It is pretty bad that our only answer is to toss the children out like trash. I can tell you first hand that no child wants to be born to horrible parents, in a horrible life. to be taught how to be evil. so many diffrent negitive influences being shot at them from so many diffrent angles, all without positive reinforcmenrt to show them right from wrong. So its no surprise that our answer is to quit on them. the old saying it takes a village holds true. we all are responsible, and we should all be held accountable, after all they are in a corp ran prison, put there by "man's law"

    August 18, 2011 at 1:16 pm | Report abuse |
    • Karl

      I have to admit, I'm not sure if this is sarcasm or not. If it's not, I hope you live in San Francisco, Berkeley or Santa Monica, or that you hope to move to one of those places soon. If it is, you're scary good.

      August 18, 2011 at 1:52 pm | Report abuse |
  4. banasy©

    @Adrian:
    Lmao.
    Good series.

    August 18, 2011 at 1:20 pm | Report abuse |
  5. Karl

    Here comes hand-wringing, coddling, pinko California again, running to help the bad guys when the state is collapsing into a black hole. WTH do we need a full-time legistlature for if they can spend even 10 minutes on tripe like this? If the jury said "LIFE WITHOUT PAROLE" for a MINOR it must have been something pretty horrific. Throw away the key! If the jury got it wrong, FILE AN APPEAL.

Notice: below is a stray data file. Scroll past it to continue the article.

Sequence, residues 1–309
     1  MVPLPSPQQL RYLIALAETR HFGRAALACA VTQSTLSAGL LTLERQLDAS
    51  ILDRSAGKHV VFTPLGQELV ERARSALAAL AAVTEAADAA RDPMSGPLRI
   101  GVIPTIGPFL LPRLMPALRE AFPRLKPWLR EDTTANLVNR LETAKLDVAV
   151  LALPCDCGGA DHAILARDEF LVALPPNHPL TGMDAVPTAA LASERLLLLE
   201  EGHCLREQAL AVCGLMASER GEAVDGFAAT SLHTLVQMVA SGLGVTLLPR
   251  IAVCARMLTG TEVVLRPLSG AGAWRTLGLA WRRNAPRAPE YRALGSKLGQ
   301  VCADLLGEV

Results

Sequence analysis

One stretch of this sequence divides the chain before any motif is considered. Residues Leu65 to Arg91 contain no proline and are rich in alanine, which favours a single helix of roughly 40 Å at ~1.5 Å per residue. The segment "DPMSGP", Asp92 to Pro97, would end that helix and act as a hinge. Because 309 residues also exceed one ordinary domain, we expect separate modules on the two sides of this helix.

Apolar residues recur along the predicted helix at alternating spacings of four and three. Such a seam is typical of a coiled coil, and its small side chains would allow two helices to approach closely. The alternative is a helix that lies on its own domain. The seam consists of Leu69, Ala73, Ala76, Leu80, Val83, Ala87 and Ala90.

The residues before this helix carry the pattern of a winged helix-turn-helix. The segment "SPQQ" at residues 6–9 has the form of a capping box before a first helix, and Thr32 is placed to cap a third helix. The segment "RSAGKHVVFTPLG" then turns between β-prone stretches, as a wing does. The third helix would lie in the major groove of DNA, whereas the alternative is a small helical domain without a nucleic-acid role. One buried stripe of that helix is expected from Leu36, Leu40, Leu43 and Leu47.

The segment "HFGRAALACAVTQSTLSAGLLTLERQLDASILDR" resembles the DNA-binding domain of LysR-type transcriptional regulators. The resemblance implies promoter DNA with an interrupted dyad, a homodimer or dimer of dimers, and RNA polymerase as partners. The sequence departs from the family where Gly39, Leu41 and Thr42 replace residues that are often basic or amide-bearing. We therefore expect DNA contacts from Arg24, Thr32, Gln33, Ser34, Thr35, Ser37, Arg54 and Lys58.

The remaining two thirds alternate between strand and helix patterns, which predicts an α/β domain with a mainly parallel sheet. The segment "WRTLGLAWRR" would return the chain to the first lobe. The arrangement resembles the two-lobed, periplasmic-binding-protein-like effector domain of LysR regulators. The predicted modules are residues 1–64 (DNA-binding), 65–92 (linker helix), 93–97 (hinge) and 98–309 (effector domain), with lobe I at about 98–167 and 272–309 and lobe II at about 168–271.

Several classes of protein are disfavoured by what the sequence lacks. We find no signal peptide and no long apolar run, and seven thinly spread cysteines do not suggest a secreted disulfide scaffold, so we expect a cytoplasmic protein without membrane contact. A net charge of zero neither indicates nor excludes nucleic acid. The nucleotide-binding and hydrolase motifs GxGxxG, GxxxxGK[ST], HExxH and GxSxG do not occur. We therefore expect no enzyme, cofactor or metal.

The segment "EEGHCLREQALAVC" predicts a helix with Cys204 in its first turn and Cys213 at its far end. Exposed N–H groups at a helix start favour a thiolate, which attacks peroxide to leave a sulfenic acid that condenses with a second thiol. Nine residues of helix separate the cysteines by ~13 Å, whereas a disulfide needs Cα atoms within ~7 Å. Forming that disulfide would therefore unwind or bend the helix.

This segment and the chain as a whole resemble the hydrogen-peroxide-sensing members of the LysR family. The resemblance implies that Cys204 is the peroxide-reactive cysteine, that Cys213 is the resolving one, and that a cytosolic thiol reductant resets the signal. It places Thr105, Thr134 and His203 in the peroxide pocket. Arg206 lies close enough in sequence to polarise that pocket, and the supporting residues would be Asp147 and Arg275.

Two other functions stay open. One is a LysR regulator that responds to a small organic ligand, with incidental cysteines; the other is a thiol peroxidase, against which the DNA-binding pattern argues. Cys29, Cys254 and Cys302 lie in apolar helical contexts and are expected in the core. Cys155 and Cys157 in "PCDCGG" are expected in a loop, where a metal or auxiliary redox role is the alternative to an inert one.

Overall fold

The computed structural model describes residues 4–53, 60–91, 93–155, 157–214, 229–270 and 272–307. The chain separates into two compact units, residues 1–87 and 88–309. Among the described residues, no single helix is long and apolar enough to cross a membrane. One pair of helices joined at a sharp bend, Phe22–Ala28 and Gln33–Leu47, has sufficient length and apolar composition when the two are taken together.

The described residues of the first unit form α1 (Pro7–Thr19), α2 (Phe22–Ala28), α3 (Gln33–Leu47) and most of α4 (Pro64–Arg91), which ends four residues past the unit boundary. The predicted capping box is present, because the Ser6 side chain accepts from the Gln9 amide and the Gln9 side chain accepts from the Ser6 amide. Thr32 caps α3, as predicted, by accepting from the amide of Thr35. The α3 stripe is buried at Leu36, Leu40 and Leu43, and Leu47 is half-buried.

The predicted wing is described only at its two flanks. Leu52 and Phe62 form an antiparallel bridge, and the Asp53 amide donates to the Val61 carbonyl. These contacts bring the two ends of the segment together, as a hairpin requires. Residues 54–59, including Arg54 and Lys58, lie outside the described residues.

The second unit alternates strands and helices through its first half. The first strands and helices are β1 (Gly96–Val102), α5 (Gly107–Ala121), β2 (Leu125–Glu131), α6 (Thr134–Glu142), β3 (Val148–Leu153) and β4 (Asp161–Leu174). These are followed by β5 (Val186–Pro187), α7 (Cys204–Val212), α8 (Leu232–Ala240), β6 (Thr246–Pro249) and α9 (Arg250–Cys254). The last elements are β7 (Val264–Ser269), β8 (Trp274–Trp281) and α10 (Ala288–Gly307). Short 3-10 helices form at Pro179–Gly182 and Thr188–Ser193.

LAWMAKERS: Stop calling press conferences for your petty little projects and interests, and GO FIX THE STATE FINANCES AND ECONOMY!!! NOTHING ELSE MATTERS!!!!

    August 18, 2011 at 1:21 pm | Report abuse |
    • Brad

      One of the reasons that Cali is collapsing in a financial hole is all of the prisons that it has...

      August 18, 2011 at 1:25 pm | Report abuse |
    • Karl

      Yeah, Brad. Letting a few dozen murdering kids out will fix everything. Are you a California assemblyman? You sound like one.

      August 18, 2011 at 1:40 pm | Report abuse |
  6. marc

    BS...kids this very moment are doing off the wall crimes they know what they are doing. Look at that kid who wrote out a detailed plan to blow up his school and kill others his brain development and judgment seemed pretty good to me.You telling me if he would have pulled off this plan and killed all those innocent kids Elizabeth Calvin would argue that he should be not get a life sentence and get out in a couple of years, she's full of it. Wonder if she would feel the same way if one of her kids was hurt or worse by one of these teen criminals she loves so much.

    August 18, 2011 at 1:22 pm | Report abuse |
    • Caroline